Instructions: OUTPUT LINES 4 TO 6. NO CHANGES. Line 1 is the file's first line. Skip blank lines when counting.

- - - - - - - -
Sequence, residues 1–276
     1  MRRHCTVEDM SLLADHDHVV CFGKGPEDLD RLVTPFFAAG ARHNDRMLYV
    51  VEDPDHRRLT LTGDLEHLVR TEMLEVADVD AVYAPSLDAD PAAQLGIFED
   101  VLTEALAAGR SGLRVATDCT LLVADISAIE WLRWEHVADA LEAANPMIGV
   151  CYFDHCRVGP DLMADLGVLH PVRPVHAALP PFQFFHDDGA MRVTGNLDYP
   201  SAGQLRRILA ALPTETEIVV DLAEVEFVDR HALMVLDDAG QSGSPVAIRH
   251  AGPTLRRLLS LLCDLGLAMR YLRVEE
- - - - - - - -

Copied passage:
   101  VLTEALAAGR SGLRVATDCT LLVADISAIE WLRWEHVADA LEAANPMIGV
   151  CYFDHCRVGP DLMADLGVLH PVRPVHAALP PFQFFHDDGA MRVTGNLDYP
   201  SAGQLRRILA ALPTETEIVV DLAEVEFVDR HALMVLDDAG QSGSPVAIRH